No effect of the Gα13-R128A mutation was observed for the interaction with PDZ-RhoGEF and LARG, further suggesting that in intact cells both RH-RhoGEFs do not lead to detectable GAP activity on the bound Gα13, whereas in vitro GAP activity of LARG is well described15. Currently, the reason for the discrepancy between in vitro data and intact cell data is not known. We failed to transfer faster dissociation kinetics from p115 to LARG by point mutations or even a chimeric approach where the whole rgRGS domain from LARG was exchanged with that of p115, except for one construct, in which the whole N terminal part including the rgRGS domain was replaced by the N-terminus of p115 including the rgRGS domain (Fig. 3b, Supplementary Fig. 6). This suggests, that constraints imposed by some parts of the C-terminus in combination with the RH domain of LARG could prevent the formation of a functional GAP activity. Importantly, the dissociation kinetics of Gα13-R128A and coexpressed RH-RhoGEFs were similar for all three RhoGEFs, which clearly suggests that the interactions of the N-terminal interaction motif of p115 with Gα13 are indeed critical for the observed differences in kinetics.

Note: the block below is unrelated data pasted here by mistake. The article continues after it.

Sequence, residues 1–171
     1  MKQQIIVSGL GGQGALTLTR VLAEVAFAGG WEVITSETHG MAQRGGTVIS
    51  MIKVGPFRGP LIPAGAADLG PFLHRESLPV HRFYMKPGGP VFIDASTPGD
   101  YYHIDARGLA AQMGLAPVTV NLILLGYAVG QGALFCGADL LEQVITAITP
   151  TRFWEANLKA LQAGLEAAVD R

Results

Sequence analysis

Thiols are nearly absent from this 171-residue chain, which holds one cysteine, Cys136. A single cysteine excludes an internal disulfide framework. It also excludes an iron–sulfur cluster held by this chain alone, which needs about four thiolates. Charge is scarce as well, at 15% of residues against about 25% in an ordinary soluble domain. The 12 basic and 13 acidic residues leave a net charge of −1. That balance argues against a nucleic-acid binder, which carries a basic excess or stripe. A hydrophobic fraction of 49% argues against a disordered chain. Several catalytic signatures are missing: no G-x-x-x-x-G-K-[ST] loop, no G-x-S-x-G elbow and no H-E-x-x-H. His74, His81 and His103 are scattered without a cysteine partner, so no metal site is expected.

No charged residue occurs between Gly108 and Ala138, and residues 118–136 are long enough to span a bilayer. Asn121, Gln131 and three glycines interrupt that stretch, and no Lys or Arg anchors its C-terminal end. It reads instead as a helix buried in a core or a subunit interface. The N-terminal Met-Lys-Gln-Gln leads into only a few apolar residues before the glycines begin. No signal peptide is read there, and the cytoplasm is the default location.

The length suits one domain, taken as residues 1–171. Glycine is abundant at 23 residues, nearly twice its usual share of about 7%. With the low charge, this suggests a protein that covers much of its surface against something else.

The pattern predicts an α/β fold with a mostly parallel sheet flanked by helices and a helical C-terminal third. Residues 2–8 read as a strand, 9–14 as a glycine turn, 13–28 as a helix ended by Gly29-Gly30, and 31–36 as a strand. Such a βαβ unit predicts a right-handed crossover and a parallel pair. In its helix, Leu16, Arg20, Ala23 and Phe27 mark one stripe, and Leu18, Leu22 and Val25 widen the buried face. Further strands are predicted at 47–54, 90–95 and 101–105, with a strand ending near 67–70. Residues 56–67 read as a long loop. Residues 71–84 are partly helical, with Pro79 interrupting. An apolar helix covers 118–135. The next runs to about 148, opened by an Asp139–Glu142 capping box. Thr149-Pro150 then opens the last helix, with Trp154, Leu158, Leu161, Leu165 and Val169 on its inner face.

The consequences of a functional interaction of the rgRGS domain of p115 with Gα13 are not only faster deactivation kinetics but also a significantly lower agonist sensitivity as demonstrated by a left shift of the concentration-response curve of the interaction of Gα13 with the p115-E32G mutant compared to wt p115 (Fig. 5c). Not only the deactivation kinetics of p115-E32G were similar to those of LARG, also their agonist sensitivity were similar, proving the causative connection between interaction kinetics and agonist sensitivity. Compared to LARG, the concentration-response curve of the Gα13-PDZ-RhoGEF interaction was right shifted, even though both RH-RhoGEFs exhibited similar dissociation kinetics (Supplementary Fig. 1b/c). As the onset kinetics of the FRET signal between Gα13 and PDZ-RhoGEF were significantly slower (Supplementary Fig. 1c) we propose that complex formation between PDZ-RhoGEF and Gα13 is slower, leading to lower agonist sensitivity under steady state conditions compared to LARG. The apparently reduced steepness of the concentration-response curve for the Gα13 interaction with PDZ-RhoGEF compared to those measured with LARG and p115 should not be overestimated as the signal amplitude in the case of PDZ-RhoGEF was much smaller (Supplementary Fig. 1a) and therefore the signal to noise ratio much reduced, leading to potentially larger errors.

Giving the plethora of diseases the Gα13-RhoGEF-RhoA signaling axis is involved in, it would be important to understand the functional role of the different RH-RhoGEFs in vivo. As the expression patterns differ for the three different RH-RhoGEFs12 it is challenging to identify physiological or pathophysiological correlations that originate in functional differences of the three family members. In this context, our point mutants Gα13-R128A, p115-E32G and the created chimeras that were proven to be functional in their GEF ability (Supplementary Fig. 7), seem to be useful tools to uncover the physiological consequences of the differential G protein interaction kinetics of p115-RhoGEF compared to the other RH-RhoGEFs.